A Boston-area man accused of threatening to blow up an airplane allegedly had all the materials needed to build a pressure-cooker bomb before this kind of weapon was used in the Boston Marathon attack in April, according to comments made by the man’s mother in a recently unsealed police affidavit.
While investigators working with the FBI are looking to see if there are any links between the two cases, they have drawn no conclusions, according to two law enforcement sources. Prosecutors and the FBI declined to comment.
The FBI Joint Terrorism Task Force said it is investigating 27-year-old Daniel Morley after police in the small town of Topsfield, Massachusetts found a cache of weapons and bomb-making materials in his home on June 9.
According to a police affidavit dated June 19, Morley told his mother that his best friend had bragged about knowing Tamerlan Tsarnaev, one of the two Chechen brothers suspected of detonating pressure-cooker bombs near the Boston Marathon finish line on April 15.
No one else has been charged in the Topsfield case, a spokeswoman for the Essex County District Attorney said.
The 25-page police affidavit details the allegations that served as the basis for the criminal charges against Morley. He is accused of attacking his mother and making a threat to hijack an airplane or ship.
Morley’s defense attorney, Robert LeBlanc, did not return calls asking for comment.
Topsfield police said they found in Morley’s bedroom closet a large, stainless steel pressure cooker and a black duffel bag. He also had materials to make a shrapnel bomb, such as black powder, igniters and pieces of metal that included ball bearings. In addition, he had a large assault rifle and a handgun, the affidavit shows.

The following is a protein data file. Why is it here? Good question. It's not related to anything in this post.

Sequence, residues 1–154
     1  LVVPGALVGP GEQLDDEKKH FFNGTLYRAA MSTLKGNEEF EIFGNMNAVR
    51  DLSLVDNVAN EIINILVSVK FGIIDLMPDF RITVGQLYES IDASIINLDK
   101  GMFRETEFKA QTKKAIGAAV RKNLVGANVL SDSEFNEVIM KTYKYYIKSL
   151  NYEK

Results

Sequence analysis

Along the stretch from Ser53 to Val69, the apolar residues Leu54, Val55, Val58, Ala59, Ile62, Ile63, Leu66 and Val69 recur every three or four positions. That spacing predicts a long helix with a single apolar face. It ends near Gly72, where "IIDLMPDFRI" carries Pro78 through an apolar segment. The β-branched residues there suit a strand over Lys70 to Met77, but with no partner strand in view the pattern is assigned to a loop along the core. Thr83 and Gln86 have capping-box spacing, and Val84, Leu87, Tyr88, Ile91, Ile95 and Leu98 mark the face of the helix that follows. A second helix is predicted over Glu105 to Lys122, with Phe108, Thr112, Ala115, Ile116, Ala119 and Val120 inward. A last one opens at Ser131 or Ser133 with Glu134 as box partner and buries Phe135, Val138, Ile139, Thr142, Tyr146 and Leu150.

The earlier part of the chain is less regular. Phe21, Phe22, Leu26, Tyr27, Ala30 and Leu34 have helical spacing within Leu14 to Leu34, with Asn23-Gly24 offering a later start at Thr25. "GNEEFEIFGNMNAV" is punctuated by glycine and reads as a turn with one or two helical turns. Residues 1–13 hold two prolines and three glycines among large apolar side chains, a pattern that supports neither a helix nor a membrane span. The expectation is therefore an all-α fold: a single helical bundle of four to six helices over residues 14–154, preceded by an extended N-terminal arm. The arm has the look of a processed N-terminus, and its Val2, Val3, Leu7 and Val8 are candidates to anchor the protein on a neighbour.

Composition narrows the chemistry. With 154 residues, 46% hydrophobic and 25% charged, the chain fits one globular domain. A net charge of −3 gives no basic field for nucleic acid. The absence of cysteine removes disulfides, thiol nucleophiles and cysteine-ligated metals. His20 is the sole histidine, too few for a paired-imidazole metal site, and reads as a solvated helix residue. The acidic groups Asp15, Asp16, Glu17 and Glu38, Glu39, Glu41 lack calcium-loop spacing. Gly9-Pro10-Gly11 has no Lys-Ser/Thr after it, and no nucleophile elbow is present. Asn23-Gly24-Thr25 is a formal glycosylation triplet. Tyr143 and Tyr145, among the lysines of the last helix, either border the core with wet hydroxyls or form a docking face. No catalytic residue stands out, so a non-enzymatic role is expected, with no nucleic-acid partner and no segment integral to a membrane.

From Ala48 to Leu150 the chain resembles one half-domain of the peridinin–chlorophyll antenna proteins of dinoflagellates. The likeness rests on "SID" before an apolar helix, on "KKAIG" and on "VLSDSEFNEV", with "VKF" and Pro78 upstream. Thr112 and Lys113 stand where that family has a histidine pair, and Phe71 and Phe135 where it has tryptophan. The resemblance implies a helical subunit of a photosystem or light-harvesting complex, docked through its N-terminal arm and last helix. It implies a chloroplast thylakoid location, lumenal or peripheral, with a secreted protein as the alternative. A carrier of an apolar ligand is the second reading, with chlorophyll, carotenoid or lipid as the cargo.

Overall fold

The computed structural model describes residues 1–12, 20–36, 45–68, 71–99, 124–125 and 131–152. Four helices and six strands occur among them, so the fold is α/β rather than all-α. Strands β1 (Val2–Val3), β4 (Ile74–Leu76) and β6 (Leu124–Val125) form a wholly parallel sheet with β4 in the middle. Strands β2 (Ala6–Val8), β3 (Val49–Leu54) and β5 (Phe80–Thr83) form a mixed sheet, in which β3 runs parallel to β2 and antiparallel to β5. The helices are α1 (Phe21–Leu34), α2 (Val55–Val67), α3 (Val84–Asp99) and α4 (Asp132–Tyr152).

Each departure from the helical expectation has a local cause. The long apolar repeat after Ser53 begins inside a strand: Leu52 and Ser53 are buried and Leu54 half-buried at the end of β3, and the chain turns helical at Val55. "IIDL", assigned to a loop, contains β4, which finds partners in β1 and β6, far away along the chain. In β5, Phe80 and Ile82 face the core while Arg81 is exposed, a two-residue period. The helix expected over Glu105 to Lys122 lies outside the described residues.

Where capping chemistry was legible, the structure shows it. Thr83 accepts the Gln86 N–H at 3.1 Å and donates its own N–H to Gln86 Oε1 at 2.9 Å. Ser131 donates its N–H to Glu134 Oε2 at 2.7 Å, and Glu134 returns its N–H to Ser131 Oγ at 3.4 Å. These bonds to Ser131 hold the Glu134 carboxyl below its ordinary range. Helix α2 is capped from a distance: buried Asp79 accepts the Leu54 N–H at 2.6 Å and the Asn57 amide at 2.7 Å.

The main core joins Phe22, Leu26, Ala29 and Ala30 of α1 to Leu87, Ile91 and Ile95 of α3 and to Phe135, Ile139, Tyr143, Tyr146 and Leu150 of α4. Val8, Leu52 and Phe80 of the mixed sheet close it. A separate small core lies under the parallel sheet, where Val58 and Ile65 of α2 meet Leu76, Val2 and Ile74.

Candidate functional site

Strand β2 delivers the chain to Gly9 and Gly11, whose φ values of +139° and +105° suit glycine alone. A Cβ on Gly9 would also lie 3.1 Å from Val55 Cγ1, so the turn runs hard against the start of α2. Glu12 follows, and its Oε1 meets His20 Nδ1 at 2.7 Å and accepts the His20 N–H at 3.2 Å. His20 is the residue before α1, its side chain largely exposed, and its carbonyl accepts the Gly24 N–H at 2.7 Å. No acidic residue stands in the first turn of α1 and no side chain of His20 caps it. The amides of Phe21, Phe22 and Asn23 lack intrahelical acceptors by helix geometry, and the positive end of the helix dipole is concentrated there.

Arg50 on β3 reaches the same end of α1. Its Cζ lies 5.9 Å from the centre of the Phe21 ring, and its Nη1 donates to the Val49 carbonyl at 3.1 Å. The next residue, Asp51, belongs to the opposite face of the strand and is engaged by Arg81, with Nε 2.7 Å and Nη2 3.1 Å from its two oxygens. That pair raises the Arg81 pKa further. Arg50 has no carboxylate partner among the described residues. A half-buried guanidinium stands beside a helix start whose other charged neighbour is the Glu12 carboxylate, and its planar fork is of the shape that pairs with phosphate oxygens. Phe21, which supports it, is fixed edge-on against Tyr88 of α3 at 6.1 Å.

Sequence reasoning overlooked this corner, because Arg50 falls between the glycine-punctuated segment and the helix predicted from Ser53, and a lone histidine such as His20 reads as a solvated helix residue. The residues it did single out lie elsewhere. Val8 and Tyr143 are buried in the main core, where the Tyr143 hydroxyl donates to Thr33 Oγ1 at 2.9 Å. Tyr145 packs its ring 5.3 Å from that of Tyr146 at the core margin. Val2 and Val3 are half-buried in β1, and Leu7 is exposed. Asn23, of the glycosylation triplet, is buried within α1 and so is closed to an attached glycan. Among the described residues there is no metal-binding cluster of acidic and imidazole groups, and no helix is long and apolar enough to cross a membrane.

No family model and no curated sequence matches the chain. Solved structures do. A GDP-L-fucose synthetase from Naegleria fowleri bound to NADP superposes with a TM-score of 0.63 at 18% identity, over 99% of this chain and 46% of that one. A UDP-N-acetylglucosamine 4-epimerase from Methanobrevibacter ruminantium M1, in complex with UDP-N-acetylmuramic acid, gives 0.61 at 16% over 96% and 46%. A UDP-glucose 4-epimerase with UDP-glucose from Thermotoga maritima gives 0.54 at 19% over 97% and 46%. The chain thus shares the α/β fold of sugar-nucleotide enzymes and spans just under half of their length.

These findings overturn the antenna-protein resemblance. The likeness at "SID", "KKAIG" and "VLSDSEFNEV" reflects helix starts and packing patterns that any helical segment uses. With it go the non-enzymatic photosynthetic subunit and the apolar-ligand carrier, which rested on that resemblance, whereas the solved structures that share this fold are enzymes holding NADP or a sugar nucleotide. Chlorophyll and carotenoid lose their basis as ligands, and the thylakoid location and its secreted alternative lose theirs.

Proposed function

Morley’s mother told police that her son had the pressure cooker and the other materials before the Boston Marathon attacks, according to the affidavit.
Police said they also found several hundred rounds of ammunition and a drawing of what appeared to be the Boston skyline, with an airplane in the left hand corner and a figure of a man with a blue heart in his chest, holding a red heart in his hand.
“While very stylized, the image does seem to match up with a portion of the Boston skyline,” the affidavit quoted anti-terrorism expert Clairissa Breen, who is part of the Joint Terrorism Task Force, as saying. “This could mean that something in that area is a target, or it could be artistic license.”
The allegations outlined in the affidavit prompted the Topsfield police to contact the FBI Joint Terrorism Task Force. One focus of the FBI’s investigation is determining whether Morley was being influenced by others when he made the alleged airplane threat, according to the affidavit.